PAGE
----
The Courier News from Blytheville, Arkansas on January 24, 1953 · Page 8
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The Courier News from Blytheville, Arkansas · Page 8

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Blytheville, Arkansas
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Saturday, January 24, 1953
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Page 8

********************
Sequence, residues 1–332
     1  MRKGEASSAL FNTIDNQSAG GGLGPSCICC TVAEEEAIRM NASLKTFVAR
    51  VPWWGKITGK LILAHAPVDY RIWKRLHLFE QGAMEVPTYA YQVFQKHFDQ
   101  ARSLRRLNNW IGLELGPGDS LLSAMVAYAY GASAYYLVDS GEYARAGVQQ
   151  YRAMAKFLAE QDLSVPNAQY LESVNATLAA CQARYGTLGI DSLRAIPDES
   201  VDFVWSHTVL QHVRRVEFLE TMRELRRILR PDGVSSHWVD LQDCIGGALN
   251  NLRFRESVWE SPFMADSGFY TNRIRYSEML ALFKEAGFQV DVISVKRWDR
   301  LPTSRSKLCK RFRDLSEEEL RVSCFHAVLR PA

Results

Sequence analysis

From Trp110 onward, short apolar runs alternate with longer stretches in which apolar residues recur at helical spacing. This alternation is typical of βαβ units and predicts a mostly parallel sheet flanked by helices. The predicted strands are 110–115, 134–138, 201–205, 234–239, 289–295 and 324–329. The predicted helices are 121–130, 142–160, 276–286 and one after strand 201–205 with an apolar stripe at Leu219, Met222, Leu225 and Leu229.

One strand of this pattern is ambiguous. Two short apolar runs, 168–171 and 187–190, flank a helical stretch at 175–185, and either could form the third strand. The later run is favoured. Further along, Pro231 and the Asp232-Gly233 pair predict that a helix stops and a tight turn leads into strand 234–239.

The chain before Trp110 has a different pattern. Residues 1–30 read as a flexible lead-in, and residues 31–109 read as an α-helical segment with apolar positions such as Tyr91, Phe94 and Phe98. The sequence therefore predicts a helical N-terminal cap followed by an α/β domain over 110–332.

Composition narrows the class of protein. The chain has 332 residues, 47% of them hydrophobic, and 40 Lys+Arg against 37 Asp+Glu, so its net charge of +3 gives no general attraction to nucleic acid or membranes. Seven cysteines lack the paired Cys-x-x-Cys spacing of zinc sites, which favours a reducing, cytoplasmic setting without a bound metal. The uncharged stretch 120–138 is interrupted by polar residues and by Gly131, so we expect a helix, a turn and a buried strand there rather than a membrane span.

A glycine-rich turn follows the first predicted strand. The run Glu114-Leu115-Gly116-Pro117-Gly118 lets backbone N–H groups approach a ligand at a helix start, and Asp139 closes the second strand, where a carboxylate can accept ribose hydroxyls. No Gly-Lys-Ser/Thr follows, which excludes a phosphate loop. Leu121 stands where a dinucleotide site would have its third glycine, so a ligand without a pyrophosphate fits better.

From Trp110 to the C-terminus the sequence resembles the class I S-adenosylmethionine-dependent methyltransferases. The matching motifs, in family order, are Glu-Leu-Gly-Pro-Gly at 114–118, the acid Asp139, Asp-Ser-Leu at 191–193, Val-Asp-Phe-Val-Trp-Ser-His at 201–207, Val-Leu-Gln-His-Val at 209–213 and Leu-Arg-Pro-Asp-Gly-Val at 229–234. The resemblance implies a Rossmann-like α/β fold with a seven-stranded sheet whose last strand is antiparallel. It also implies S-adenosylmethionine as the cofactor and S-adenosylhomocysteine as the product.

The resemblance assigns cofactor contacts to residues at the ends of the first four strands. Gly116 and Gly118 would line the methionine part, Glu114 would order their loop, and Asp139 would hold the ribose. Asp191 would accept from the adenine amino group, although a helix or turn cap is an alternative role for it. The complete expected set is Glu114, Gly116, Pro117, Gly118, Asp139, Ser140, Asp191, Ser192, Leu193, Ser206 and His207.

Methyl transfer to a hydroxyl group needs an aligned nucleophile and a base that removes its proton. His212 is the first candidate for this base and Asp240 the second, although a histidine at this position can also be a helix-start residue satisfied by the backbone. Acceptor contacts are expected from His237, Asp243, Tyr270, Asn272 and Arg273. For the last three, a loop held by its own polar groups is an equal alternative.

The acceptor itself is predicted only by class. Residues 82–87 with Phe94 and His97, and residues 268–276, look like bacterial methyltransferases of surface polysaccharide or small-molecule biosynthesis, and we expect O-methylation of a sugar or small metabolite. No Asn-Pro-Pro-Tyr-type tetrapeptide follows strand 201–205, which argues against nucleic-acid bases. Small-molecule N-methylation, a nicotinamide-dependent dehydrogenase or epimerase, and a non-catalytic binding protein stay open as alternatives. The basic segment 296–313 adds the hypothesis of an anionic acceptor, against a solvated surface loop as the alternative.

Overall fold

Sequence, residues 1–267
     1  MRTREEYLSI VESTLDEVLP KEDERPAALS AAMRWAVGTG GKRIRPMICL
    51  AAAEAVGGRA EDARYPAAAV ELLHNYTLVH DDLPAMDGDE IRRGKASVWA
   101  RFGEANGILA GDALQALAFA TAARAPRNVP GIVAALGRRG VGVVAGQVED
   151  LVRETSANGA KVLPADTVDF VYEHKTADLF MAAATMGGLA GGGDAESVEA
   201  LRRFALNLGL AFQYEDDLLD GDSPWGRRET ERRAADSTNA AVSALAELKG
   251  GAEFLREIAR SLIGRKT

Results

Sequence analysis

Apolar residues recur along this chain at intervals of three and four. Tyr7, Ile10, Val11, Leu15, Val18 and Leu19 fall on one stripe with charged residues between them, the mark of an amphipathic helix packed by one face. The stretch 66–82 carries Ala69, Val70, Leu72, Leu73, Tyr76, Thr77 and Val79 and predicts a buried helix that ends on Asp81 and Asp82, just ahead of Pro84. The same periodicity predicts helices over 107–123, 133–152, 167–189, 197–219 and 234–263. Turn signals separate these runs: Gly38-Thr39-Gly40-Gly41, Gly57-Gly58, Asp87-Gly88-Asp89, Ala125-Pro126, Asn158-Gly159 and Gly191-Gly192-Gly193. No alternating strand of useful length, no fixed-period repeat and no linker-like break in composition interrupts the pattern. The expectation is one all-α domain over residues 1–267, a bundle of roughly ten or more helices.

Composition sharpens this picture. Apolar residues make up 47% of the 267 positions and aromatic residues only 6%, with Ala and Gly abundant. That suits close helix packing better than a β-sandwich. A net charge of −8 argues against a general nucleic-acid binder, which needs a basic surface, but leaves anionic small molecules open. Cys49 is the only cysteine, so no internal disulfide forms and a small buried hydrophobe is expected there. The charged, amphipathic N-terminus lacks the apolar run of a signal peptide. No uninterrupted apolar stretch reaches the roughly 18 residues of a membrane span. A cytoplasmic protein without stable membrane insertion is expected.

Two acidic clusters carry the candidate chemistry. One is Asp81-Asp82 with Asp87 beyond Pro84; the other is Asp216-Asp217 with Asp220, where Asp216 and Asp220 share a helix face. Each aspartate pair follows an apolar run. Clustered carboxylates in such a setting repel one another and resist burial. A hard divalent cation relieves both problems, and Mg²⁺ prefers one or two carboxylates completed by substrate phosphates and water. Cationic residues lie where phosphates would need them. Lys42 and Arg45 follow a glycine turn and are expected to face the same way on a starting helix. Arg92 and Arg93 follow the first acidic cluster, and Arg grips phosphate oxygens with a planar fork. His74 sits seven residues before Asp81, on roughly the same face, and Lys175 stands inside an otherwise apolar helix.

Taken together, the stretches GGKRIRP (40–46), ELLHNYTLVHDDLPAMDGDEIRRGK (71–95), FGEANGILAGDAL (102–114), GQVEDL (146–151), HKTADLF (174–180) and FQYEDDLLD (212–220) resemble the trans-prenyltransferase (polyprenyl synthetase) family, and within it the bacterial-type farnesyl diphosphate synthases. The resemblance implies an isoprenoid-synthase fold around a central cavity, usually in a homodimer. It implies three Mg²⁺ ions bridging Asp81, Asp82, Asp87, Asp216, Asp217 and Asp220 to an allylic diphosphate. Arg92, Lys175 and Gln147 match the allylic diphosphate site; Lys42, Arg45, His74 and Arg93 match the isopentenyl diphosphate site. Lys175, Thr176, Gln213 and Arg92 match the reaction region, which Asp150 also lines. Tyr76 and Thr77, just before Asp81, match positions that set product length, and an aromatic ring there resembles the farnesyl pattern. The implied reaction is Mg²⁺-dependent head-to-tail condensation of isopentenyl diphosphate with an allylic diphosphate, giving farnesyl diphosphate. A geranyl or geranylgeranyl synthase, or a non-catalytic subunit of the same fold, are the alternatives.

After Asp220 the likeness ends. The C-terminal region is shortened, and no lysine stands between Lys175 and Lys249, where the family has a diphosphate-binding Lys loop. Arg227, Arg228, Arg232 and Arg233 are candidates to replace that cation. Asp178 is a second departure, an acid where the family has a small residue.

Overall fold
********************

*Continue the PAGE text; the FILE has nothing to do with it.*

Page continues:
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PAGE BIGHT BLYTHEVILLE (ARK.) COURIER NEWS Army Says 88 Korean GI's Convicted of Shunning Battle Duty • By JIM BECKER SEOUL tB—The Army today »td 87 men and one officer of the Wth Regiment havs been convicted el refusing lo go Into fiction last October against the Communists. ' Puerto Blcan soldiers made up the bulk of the 65th Regiment. It has iome troops from the continental U. B. Tour other men were acquitted in venerftl court martial, said Maj. Walton B. McMullen, U. S. Third Division public information officer. The cases Involved men who • Ither left a battle scene without orders or refused to advance. Names of the accused and oon- vicfed were not disclosed. The incident! occurred last October on the Central Front. Sentence* ranged from elx months to 10 years at hard labor In prison. Only one man received * full 10-y«ar sentence. Molt were given dishonorable dischargee. Some were given bad conduct discharge* and two soldiers were given prison termi without discharger The sentence and trial records will be reviewed by the judge advocate general section In Washington, D. C. j McMullen said the charges grew out of an action In which two companies were ordered to counterattack a Chinese position. After - the companies reached their ob- JectiTe, a number of men withdrew without orders. McMullen aald the trial records ahowed some offers and men who remained In position were killed or ^wounded because the accused men pulled back without orders. Another case Involved c p»trol action in which men slipped away to their own lines without the patrol leader's knowledge. , "Th» major said the entire regiment was pulled out of the line after the Incident and "retrained." The regiment since hns been back COUNTY FARM ! (Continued from Page 1) medic Ini also li provided by . the .Th» food.' he «aid. Is not luxurious but ,!• ample. Treatment of prisoners Is "not bad," Mr. White Fafd. arid Is rio worse than the sort of discipline needed at any Institution of this type. The county farm is not ^srfent, he said, and the county reafenizcs this.'Added toilet facilities are needed and there should be added ventilation of the concrete block prison building In summer, he said. Attic fans have been installed, he said, but do not coo! the building sufficiently. The farm also needs a new deep well, Mr. White aald. Price and bid data have been obtained for such R well, he added. "The biggest 1 problem," he said, .*i« the. fact that the men have to be handled so they won't think the county farm Is « 'home.' "Many .of the prisoners are 'repeaters' and chronic alcohollfis." If county farm life Is made too easy, he continued, many would keep coming back to find a place to stay —at county expense. Federal agents, who now are re- eonslble for Investigating comity penal farms when civil rights violations are reported, have checked tne Mississippi County farm during the past year and said they have found no Instances of such violations Two Cars Collide At Intersection Here Two vehicles collided at the cor- ner'of llth and Main Streets yesterday. Involved in the wreck were Mrs. Anna Marie Fellhauer, 1027 Chlcka- aawba, driving a 1950 Ford, and Mrs. Venola Russell of Armorel, driving a 1949 Pontlae. Mrs. Russell's car. going west on Main, received damages to the front end, and Mrs. Fcllhauer's Ford trav- elling north of nth, was damaged on the right side. Officer Willie Hopper investigated. Head Courier News classified Ads. on tlie front lines and performed well. Tho 65th Regiment has fought In Korea since November, ISM, and compiled a long and honorable fighting record. It participated in the Chosen Reservoir drive, the withdrawal to the Hung- nam ueach heart where it held a vital par of a section against Chinese attacks, and the offensive 1051 that pushed the Reds back north of the 38th. Parallel. VAN FLEET (Continued from Page 1) us," nnd added that lie was snenk- Ing for "thn rallra Korean nation." "1 am sure President Elsenhow- er, who han llic right and speedy sclllemcnt of the Korean War In his heart, must have a plan which Is better than w« know and we will gladly welcome find co-op- oratc with Gen. Taylor. ..." At U. N. headquarters In New York, Andrew W. Cordler, executive assistant to Secretary-General Trygve I.ie, praised Van Fleet's work In Korea. Th« two men met several times during Conner's visits here. "Tho U. N. Is very Indebted to Gen. Van Fleet," ho said. Lt. Gen. Pnlk Sun Yup, South Korean Army chief of .staff, commented: "I am sorry he Is leaving. We need a biff offensive." Doesn't Rule Out Offensive The change In command, however, did not rule out the possibility at nn Allied offensive with a view of ending the 15-month-old stalemate in the bitter struggle. Signs pointing to a possible offensive included: 1. President Elsenhower on his visit to Korea in December sitld n way would Ijo found to settle the Korean War. tie did not indicate whether by continued negotiations with the Communists or new military blows—as urged by some of his top commanders. 2. Gen. J. Law ton Collins, U. S. Army chief of staff, saw'the President Thursday iind was scheduled to leave Washington for Tokyo and Korcit today. The Army's No. 1 man presumably ca'rrled Instructions for the changing situation in Korea. 3. Taylor Is not a defensive- minded general.' He led the lOlsl Airborne Division over Normandy, being the first man to "hit the silk" in the 1014 Invasion of Europe. 4. Allied air power has been hitting hard at Communist key rail bridges and supply centers. 5. Top commanders in the Par Bast have been holding a scrle sof conferences in Korea and Japan since'Elsenhower left, on the battleship Missouri, In Seoul and Tokyo. 8. Other shifts in high commands appear imminent. High- ranking generals and admirals from the stales have been visiting the Far East in recent weeks, 1. Military sources insist the U. N. should set up a battle line farther up In North Korea—say between Pyongyang ami Wonsnii or Pyongyang: nnd rrungnam—that could be held easier with two- thirds of the men now on the present 155-mile front. Vnn Fleet leaves Korea nearlv hvo years since he took command in April. 1951, on the eve of the Chinese Communists' last big but doomed offensive. At thnt time he succeeded Gen, Matthew B. Rldg- way who went to Tokyo to take over Gen. MncArlhur's pos't ns U. N. commander. Van Fleet was counter-attacking all along the line when the Reds suggested armistice talks. Since November, 1051, he has chafed at having to command a largely Inactive army. Tn the meantime, he has molded South Korean troops— who once broke before Communist offensives—into a formidable fighting force. Taylor, deputy chief of staff for operations and administration in Washington, comes lo Korea vvitli n wealth of background (n Ori(/v : studies, as well as with a brilllim'. World War n record, tic Is n former military attache at both Tokyo and Pclplng and can speak Japanese. WILSON (Continued from Page I) taking the defense Job; But ho maintained stoutly that he IB going lo do * good Job—it given the assistants of his choice. He said he will get rid of his 39,411 shares of O,M. stock by April J, selling most of It and giving not more than 20 per cent of It to his children and grandchildren. He testified he won't own any "beneficial Interest" In it thereafter. "I have gone tills far and I am not going to havo-my feet In the mud, gentlemen," he said. ' Wilson's tax losses In the stock sale arc expected lo lie substantial, although tax experts said they would not run as high as the 4000,000 estimated somo days ago. Wilson said ho will also dispose of nn additional 1,800 shares of G.M. slock, worth around $122,000 due him durln« tho next three years from the firm he once headed. Besides his G.M. holdings, Wilson said he has investments In Texas and Colorado oil and gns lease acreage, and owns $79,700 worth of government bonds. In testimony before the armed services group Jnn, 15, released with his new testimony by the committee yesterday, Wilson was revealed as having said he could make a decision against General Motors that was "extremely adverse." Answer Was Yes "Yes, sir, 1 would," the nom- Ineo told Sen. Hemliickson (R-NJ) JJut ha added: "I cannot conceive of one. For years I thought what was good for our country was good for General Motors and vice versa. The difference did not exist. "Our company Is too big. It goes with the welfare of the country. Our contribution to the nation Is quite considerable. He had said he wouldn't have "any reluctance" to pass on O.M. contracts with the government, asserting: nil such contracts must stand on their own merit. Never .would he be under the thumb of General Motors, h e salt), adding: "I have always been my own bass anyway, I would like to tell you men." He said he didn't want the corporation "smeared" and "personally I do not want to be either." Times have chanced, he said, and "the people are not afraid of businessmen like me now." Asked wlmt he thought of having his testimony made public Wilson said: "A golilfjsli bowl Is nil right with mo. I do not think any of the assets I have have been taken away from anybody. I helped create some news wealth and a piece of it stuck with me. I am not ashamed of it." However, Wilson testified yesterday he thinks he "made some mistakes In my previous testimony by not making It clear on the record on how the contracting ii done and who Ims the responsibility for negotiating contracts." Observing i that he was "risking a failure In my old age" by faking the defense Job, the 62-year-old Wilson comprnlncd af one point that commltllc ' members were giving him ~-''quite a pushing around." "If I had come here to cheat, by God, r wouldn't be here" he said. Sen. Russell (D-Ga) said he was sorry Wilson felt that way. "I am, not trying to push you around but I hnvc my responsibilities loo." Russell declared. ^ Wilson said he understood but: "I run just human and, my God. 1 am making a great sacrifice to come down here." Russell had suggested that Wilson might have G.M. give htm cash Instead of 1,800 shares as a retirement bonus. . Wilson said that, If he can't Obituaries Mrs. Raspberry Dies at Keiser OSCEOLA — Services for Mrs iVfuudJe Raspberry, who died at, her home In Keiser Wednesday afternoon, were conducted yesterday at the Keiser Methodist church by tlv Rev. Ben Harris. Burial was In Ermcn Cemetery here with Swift Funeral Home In charge. Mrs. Raspberry was stricken suddenly shortly after calling a doctor for her husband, who had suffered an attack. Mr. Raspberry was rushed to Kennedy Veterans Hospital In Memphis. Survivors Include her husband, E. a. Raspberry; two sons, Eldred El- Us of Marion and Ira Ellis of Osceola; four daughters, Mrs. T. J. Tedder of Mndlsonvllle, Ky., Mrs. Leroy Ross of Keiser, Mrs. Dorothy Vaughn of Keiser and Mrs. itarold Russell of West Salem, 111.; two brothers, Claude O'Kenne of Cooter, Mo, and Howard O'Keane of Ca- ruthorsvillc; and 15 grandchildren, • • • Former Resident Dies in St. Louis Services for Charles Margie Bradshaw, former resident of Blytheville, Rt. I, who died in Barnes Hospital In St. Louis yesterday, will be conducted at 2 p.m. tomorrow at Smnmcrville Presbyterian church near Trenton, Tcnn. Born at Trenton, Mr. Bvadshai. hod resided In the Number Nine Community many years. He was a farmer. Survivors Include his wife. Mrs. Cora Braclshaw; six sons, Wootlson, Graver, Dillon and Jlmmie, all of St. Louis, Billlc Bradshiuv of Fruitville, Tcnn., and Richard Bradshav; of Armorel; three daughters. Mrs Hattle Johnson of Caruthersvllle and Mis. Wilcie Harper and Mrs. Doris Calclwcll, both of St. Louis; a brother, Hoyt Bradshaw of Memphis; three sisters, Mrs. Sadie Ores- well, Miss Huddle Bradshaw and Mrs. .Addle Mne Edwards, all of Memphis; nnd 24 grandchildren. Cobb puneral Home Is In charge. T (Continued from Page 1) oven before pulling out four loave. c of freshly-baked white bread. Truman's schedule today appeared to be fitting into a new routine—a drive Into Kansas City to answer mail, n walk to a restaurant for lunch, and a trip home to spend the evening with Mrs, Truman.: 160 Attend Baptist Brotherhood Meeting A total of 160 men representing IS churches attended a county-wide Baptist Association Brotherhood meeting at Cnlvnry Baptist Church here. Principal speaker.was the Rev E. c. Firown, pastor of First Baptist Church here, who talked on "iSnptlsts in Jamaica." A s\u>per preceding the meeting was prepared bj the Calvary Chinch Women's Missionary Society. Janics Gardner was program chairman. elinngc the bonus provision, he will give any dividends and price increases on the stock lo charity. Sen. Hunt (D-Wyo) said Stevens owns stock in about 14 firms that deal with the ' government and "may find himself In Just a little difficulty disassociating himself si often from Ills responsibilities." Wilson said the committee will have to decide about Stevens, but he wants him on the Job. Decorate Now and Save! 6 50 Complete Do-it-Yourself Ki>, Now Only This Home Decorator Kit Includes: 1-7" Roller and Pan 1 - 10 x 12 Drop, Cloth 1-2" Pure Bristle Brush 1 -1 Gallon Any Pastel Shade of Rubber Base Paint A Regular 8.89 Value for Only $6.50 3" Pure Bristle Brush 2.95 4]/z" Nylon Brush ...'. . .. . . .2J5 '"""-"-rcrH Pan '' ^45 TRENKLE'S PAINT STORE DELL, ARKANSAS Forget Washday Drudgery, Send Us Your Laundry! LAUNDRY-CLEANERS •ATURDAY, JAN. 24, IMS SHOWBOATS. FAMILY STYLE—Palatial yachts still draw tht ^ ea ,^ 3 I" e ?' e , d at wintertime motor boat shows, but the magnet for tbr. hitJe feJJows (his year is the outboard moforboat that's become a family cruiser—at the little fellow's price. This collection of out- boarfl cruisers at the New York show will, be duplicated at the Chicago Boat Show, opeoinfc Feb. «. Morgan Is Named To Replace Kirk WASHINGTON (IF) — The Willie House announced today that President Elsenhower has accepted the resignation of Admiral Alan G. Kirk as director of the psychological strategy board. George A. Morgan, deputy director, has become acting, director. The President told Kirk, former ambassador to Moscow, he appreciated the additional measure of service which Kirk had given to his country in accepting the strategy board assignment. Pope 'Improving' VATICAN CITY W>—Pope Pius XII was reported "much improved" this morning from his two-day illness with Influenza. The Pontiff's temperature was down to normal and he wns able to be out of bed although still In his apartment. EISENHOWER (Continued from Page 1) discuss the contents of the message nt the Monday meeting. The GOP delegation will Include Vice President Nixon; Senators Taft of Ohio, Majority leader of the Senate; Knowland of California, chairman of the Senate Re- there had been a common understanding to maintain silence. At K news conference later In the day,' Elsenhower's press secretary, James C. Hagerty, snid in reply to a question that he didn't know whether the President had ordered the Cabinet officers and others at the conference not to talk to reporters. < Hagerty then was asked: "Is any Cabinet officer free to discuss what went on in a Cabinet meeting If he so desires?" • . Hagerty replied with a flat "no," then added that he wanted to put It this way: "This administration believes that private meetings with ihe President of the United States should be kept private. A Cabinet meeting is private." Officials of the Truman and Franklin D. Roosevelt administrations almost always refrained from going into details of Cabinet meetings, but they often were willing to tell newsmen what subjects were discussed. Hagerty said the new administration has made no effort to keep other White House visitors from talking to newsmen. Most of them have had .very little to say after seeing the President. As for Cabinet member s, Hagerty said In reply to another I question that they will be holding news conferences in their own de- parlmenls. The President also plans to hold news conferences regularly, Hagerty has announced. Dealing with Ihe retirement of Gen. Van Fleet as commander of the Eighth Army In Korea. Hager- Rubinstein's Arrest Is Delayed Again NEW YORK (/P)—Arrest of financier Serge Rubinstein on a deportation warrant was put off today at least until Monday to give the Washington, D. C., Appeals Court time to review the case. Edward J. Shaughnessy, New York director of immigration and naturalization, said the court had asked him by telephone not to arrest the Russian-born draft dodger before Monday afternoon. Attorney General Herbert Brownell had ordered a deportation warrant served on Rubinstein. The Washington appeals court yesterday denied a motion which would have restrained Immigration officers from taking Rubinstein into custody. This would have opened the way to his arrest except for the telephone call asking the two-day delay. Shaughnessy said he understood Rubinstein was in the New York area. Forgery Charge To be Filed Here The Proosccuting Attorney's office said today that an Information will be filed Monday against Sonny De Bakery of Braggadocio, Mo., charging Mm with forgery and uttering. Deputy Prosecutor A. S. Harrison said De Bakery will be charged with forging liis father's name to a $100 check and uttering it at Graber's Store here. The check was issued Dec. 1, 1952 John Lane, manager of Grabers' said. . ' De Bakery was picked up by police in Missouri this week and- transferred to the County Jail here His bond has been set at $1 600 Representatives Martin of Mnssa- chusetts, speaker of the House; Charles Halleck of Indiana, floor rilinols, Secret Meeting _ There was speculation, mean- senhower - congressional meeting with ns much secrecy as it blnn- keted the President's first formal conference with his Cabinet yesterday. After the Cabinet,meeting, members declined lo say—even hi general ^ terms — u'.iat had been discussed. Nixon told reporters HITZ THEATRE Manila, Ark. SATURDAY "Death Valley Gun Fighter" Allan I.anc SAT. OWL SHOW 'COUNTY FAIR" In Cinecolor Rory Cnllioun - .lane Nigh SUN - MON - TUBS "CARRIE" Lawrence Olivier Jennifer .Jones Hays Store Phone 2001 We Deliver High Quality Low Prices Wayne Feeds I-ayrr Mnxh l.aycr Follcts I** Pcllclsi Clllrk Starter Orowcr Mash Scratch Feed Supiuinc Idf, l>alrV, Wayne 16^ Hairy.. 32^ r Dairy Feed Calf St.iricr Pellet's I'lg & Sow Meal I'ljt * Sow l'ellels 35fi Hnj; Ralanecr 40% ttogr SurTlmnl J'ork Maker Horse Feed Tlabtitt rcllels l>ns Fond \VI! Short* ... Polished Crioril 100 Ib. 100 Ih. 100 Ih. 100 Ib. 100 Ib. 100 Ib. 100 Ibj 100 Ibs. 100 Ib. 100 Ih. 100 Ib. 100 Ih. 100 Ib. 100 Ih. 100 Ib. 100 Ib. ,100 Ihs. 100 Ih 5 . 100 lb«. .100 Ib,. 4.89 4.99 5.39 5.6S 3.49 1..13 3.C9 •1.49 5.39 5.79 .539 5.19 5.09 6.39 4.19 4.39 5,99 8.59 3JM 4.19 'T am at liberty to say," ilagerty reported, "that he be- ieves Gen. Van Fleet is probably have in the armed forces nnd he regretted very much indeed that the passing of time, nnd time 'lie, has resulted In the loss of •vices In Korea of Gen Van Fleet." Eisenhower and Van Fleet were classmalcs at West-Point. Fined for Drunk Driving One traffic case was heard In Municipal Court this morning. Alcue Echols pleaded guilty to charges of driving while intoxicated arid was fined $100'and costs and sentenced to one day in Jail. About 05 to 10 per cent of the dry weight of a plant consists of slarch, the rest of "mineral matters. MONTGOMERY (Continued from Pag< » the men'i club at the church, and only yesterday read from »« prayer book at » noon servji* lor business men. Dr. Glenn described Montgomery as completely happy, one who told a good joke and was at all times pleasant. Braverman was reported too upset to talk to reporters. However, h« told police he last saw Montgomery at breakfast yesterday and noticed nothing changed in him. Braverman's name lias frequently been mentioned since 1948 in rumors that he and Miss Truman were to marry. However, each rumor was dispelled by the former President's daughter. They wei'«" often seen together at dinne44 parties. T NEW Air Conditioned By Refrigeration "Your Community Center" MANILA, ARK. Matinees Sat. & Sun. Phone 58 SATURDAY 'DESPERADOES OUTPOST" Allan v Lane SAT. OWL SHOW TROPIC FURY" .- All Star Cast SUN - MON MISSISSIPPI GAMBLER" Tyrone Power Piper Laurie MOX Show Starts Weekdays 7 :OB Sat. Sun 1:0fl Always a Double Feature SATURDAY 2 BIG HITS! SIX GUN MESA' Johnny Mac Brown Radar iMan'Serial 2 Cartoons SAT. LATE SHOW Starts 11 -.30 Also Cartoon Roar of Iron Horse Serial SUN-.MON — 2 HITS W jg5 r w/Siir¥ OPERATION 'UP wfti« *t» wiwtfl NORTH* STAR SUPPER CLUB North Hiway 61 Blytheville, Ark. Open Nightly S p.m.-2 a.m.. Including Sunday MENU BROILED KG CHOICE T-BOiVE - - 20 oz KG CHOICE FILLET MIGNON -- 8 oz. ONE-HALF (pun fried) CHICKEN ( with HOT BISCUITS, iMILK GRAVY - • BROILED CHICKEN LIVERS FRENCH FRIED SHRIMP --_._._. HAMBURGER STEAK 3.00 2.50 1.50 1.50 1.35 1.25 Sewed With Above Orders: French Fried Potatoes Tossed Green Salad Hot Rolls Beverage • * We Make Our Own Roquefort Cheese Dressing Sandwiches The "Dixiecrats" Every Saturday Night Phone ,9761 for Reservations "Entertainment At Its Best' SUNDAY & MONDAY 2a Cary Gin jw fc'Chitl« Marilyn GRANT ROGERS COBURN MONROE Continuous Showing Sunday from 2 p.m. —Plus— Also Cartoon For Fine Foods, Choose PICKARD'S GROCERY & MARKET Nationally Advertised & Fancy Gr We Deliver Call In 2043 Come In 1044 Chick. '